US national laboratories maintain first and second place
New entry, Frontera, is the fastest supercomputer on a university campus
- For the first time, all Top500 systems deliver a petaflop or more of performance
We've updated this popular article to reflect the most current ranking.
Peak performance within supercomputing is a constantly moving target. In fact, a supercomputer is defined as being any machine “that performs at or near the currently highest operational rate.” The field is a continual battle to be the best. Those who achieve the top rank may only hang on to it for a fleeting moment.
Competition is what makes supercomputing so exciting, continually driving engineers to reach heights that were unimaginable only a few years ago. To celebrate this amazing technology, let’s take a look at the fastest computers as defined by computer ranking project TOP500—and at what these machines are used for.
5. Frontera (US)
A new entry, Frontera is the brand-new supercomputer at the Texas Advanced Computing Center (TACC) at the University of Texas. It replaces Swiss National Computing Centre’s Piz Daint, the only European machine in the previous top five, leaving the highest-ranking spots now split solely between the US and China.
At 23.5 petaflops, Frontera is the fastest supercomputer on a university campus. It was designed specifically to tackle the most prevalent types of problems that scientists need supercomputers to solve--equations that describe motions of bodies in the universe and the interactions of atoms and molecules. But Frontera doesn’t neglect up-and-coming areas like data-intensive applications and deep learning.
Frontera was funded by the National Science Foundation (NSF). Each year, more than 55 million node hours on Frontera will be made available to researchers through the NSF Petascale Computing Performance Allocation program.
4. Tianhe-2 (China)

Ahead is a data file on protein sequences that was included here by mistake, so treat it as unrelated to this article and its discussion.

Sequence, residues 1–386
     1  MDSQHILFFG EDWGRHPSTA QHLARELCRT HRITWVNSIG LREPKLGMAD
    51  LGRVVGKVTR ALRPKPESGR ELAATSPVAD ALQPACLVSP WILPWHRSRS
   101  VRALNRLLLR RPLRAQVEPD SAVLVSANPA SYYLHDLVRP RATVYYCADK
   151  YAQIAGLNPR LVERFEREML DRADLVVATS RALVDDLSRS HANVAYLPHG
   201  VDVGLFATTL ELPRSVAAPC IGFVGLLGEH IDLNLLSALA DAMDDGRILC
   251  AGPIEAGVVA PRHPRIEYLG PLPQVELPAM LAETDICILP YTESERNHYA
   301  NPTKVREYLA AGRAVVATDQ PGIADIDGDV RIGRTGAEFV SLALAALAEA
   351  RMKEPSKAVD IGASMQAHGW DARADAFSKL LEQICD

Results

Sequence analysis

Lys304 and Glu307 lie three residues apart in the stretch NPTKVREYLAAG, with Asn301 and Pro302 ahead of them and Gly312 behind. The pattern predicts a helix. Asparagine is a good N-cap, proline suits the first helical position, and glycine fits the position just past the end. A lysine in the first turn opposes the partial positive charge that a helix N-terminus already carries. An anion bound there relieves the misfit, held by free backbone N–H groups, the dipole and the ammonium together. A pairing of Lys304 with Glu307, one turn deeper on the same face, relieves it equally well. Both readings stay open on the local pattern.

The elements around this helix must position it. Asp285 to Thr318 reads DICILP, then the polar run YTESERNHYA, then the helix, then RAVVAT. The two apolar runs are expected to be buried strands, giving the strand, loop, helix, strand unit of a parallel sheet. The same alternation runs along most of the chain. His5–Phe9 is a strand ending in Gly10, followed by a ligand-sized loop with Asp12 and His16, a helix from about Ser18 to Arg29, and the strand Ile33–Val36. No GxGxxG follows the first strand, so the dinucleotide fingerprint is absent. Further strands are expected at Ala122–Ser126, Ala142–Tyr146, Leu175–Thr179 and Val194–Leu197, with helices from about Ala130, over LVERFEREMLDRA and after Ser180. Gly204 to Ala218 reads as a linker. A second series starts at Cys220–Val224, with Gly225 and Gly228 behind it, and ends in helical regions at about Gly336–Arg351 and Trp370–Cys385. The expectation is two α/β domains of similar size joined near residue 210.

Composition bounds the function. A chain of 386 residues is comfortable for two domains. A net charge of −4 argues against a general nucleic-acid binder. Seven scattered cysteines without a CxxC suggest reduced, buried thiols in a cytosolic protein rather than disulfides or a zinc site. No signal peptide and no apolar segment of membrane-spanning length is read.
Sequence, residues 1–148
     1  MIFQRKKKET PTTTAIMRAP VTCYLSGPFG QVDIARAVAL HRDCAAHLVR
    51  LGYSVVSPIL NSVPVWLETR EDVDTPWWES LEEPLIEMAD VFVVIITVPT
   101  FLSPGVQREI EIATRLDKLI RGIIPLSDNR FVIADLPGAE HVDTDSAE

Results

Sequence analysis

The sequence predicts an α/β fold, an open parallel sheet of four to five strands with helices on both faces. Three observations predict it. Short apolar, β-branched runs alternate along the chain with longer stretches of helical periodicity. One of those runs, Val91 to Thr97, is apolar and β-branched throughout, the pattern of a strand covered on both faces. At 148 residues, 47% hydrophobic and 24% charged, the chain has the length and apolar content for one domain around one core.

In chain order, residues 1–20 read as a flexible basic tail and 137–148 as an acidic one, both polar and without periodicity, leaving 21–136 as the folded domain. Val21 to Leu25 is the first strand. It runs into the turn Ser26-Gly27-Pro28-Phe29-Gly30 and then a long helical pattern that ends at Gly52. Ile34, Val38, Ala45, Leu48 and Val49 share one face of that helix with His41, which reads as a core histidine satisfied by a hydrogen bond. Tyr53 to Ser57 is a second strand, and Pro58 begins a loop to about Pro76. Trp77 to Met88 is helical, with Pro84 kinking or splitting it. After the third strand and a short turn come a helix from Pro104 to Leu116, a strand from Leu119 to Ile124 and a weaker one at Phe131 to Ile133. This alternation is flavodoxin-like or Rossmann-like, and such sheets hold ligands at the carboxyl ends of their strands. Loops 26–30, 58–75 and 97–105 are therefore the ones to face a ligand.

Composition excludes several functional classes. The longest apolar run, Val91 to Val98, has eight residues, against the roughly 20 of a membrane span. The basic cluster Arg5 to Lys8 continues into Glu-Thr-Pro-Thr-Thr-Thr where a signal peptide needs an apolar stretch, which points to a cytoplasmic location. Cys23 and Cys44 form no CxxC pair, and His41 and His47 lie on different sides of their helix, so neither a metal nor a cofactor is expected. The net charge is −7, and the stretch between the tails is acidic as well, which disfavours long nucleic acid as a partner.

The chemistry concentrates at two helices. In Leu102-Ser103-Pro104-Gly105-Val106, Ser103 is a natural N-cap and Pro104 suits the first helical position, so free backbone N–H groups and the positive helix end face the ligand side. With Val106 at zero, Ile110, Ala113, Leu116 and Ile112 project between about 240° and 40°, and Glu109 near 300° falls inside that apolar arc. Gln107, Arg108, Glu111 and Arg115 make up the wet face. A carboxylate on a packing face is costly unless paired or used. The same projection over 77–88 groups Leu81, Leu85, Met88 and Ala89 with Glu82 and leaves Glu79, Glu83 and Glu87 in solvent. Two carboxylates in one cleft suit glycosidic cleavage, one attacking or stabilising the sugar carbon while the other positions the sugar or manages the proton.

Tianhe-2, whose name translates as “MilkyWay-2,” has also seen recent updates. But despite now boasting a whopping 4,981,760 cores and running at 61.4 petaFLOPS, that hasn’t stopped it from slipping two spots in just one year—from #2 to #4.
TOP500 reported that the machine, developed by the National University of Defense Technology (NUDT) in China, is intended mainly for government security applications. This means that much of the work done by Tianhe-2 is kept secret, but if its processing power is anything to judge by, it must be working on some pretty important projects.
3. Sunway TaihuLight (China)
A former number one, Sunway TaihuLight dominated the list since its debut in June 2016. At that time, its 93.01 petaFLOPS and 10,649,000 cores made it the world’s most powerful supercomputer by a wide margin, boasting more than five times the processing power of its nearest competitor (ORNL’s Titan) and nearly 19 times more cores.
But given the non-stop pace of technological advancement, no position is ever secure for long. TaihuLight ceded the top spot to competitors in June 2018.
Located at the National Supercomputing Center in Wuxi, China, TaihuLight’s creators are using the supercomputer for tasks ranging from climate science to advanced manufacturing. It has also found success in marine forecasting, helping ships avoid rough seas while also helping with offshore oil drilling.
2. Sierra (US)
Lawrence Livermore National Laboratory’s (LLNL) Sierra initially debuted at #3 on the June 2018 list with 71.6 petaFLOPS, but optimization has since pushed the processing speed on its 1,572,480 cores to 94.6 petaFLOPS, earning it the #2 spot in November 2018.
Incorporating both IBM central processing units (CPUs) and NVIDIA graphics processing units (GPUs), Sierra is specifically designed for modeling and simulations essential for the US National Nuclear Security Administration.
1. Summit (US)
Showing further evidence of the US Department of Energy’s renewed commitment to supercomputing power, Oak Ridge National Laboratory’s (ORNL) Summit first claimed the #1 spot in June 2018, taking the top rank from China for the first time in 6 years. Further upgrades have cemented that spot—at least until the next list comes out in June 2019.
In the year since its debut on the June 2018 list, Summit has widened its lead as the number one system, improving its initial High Performance Linpack (HPL) performance from 122.3 to the current 148.6 petaFLOPS. Unusually for such a high-performing machine, Summit is also ranked third on the GreenTop500, which measures energy efficiency in supercomputers.
Scientists are already putting the world’s most powerful computer to work. A seven-member team from ORNL won the 2018 Gordon Bell Prize for their deployment of Summit to process genetic data in order to better understand how individuals develop chronic pain and respond to opioids.
The race to possess the most powerful supercomputer never really ends. This friendly competition between countries has propelled a boom in processing power, and it doesn’t look like it’ll be slowing down anytime soon. With scientists using supercomputers for important projects such as curing debilitating diseases, we can only hope it will continue for years to come.
Read more about what's next for supercomputers, beyond petascale: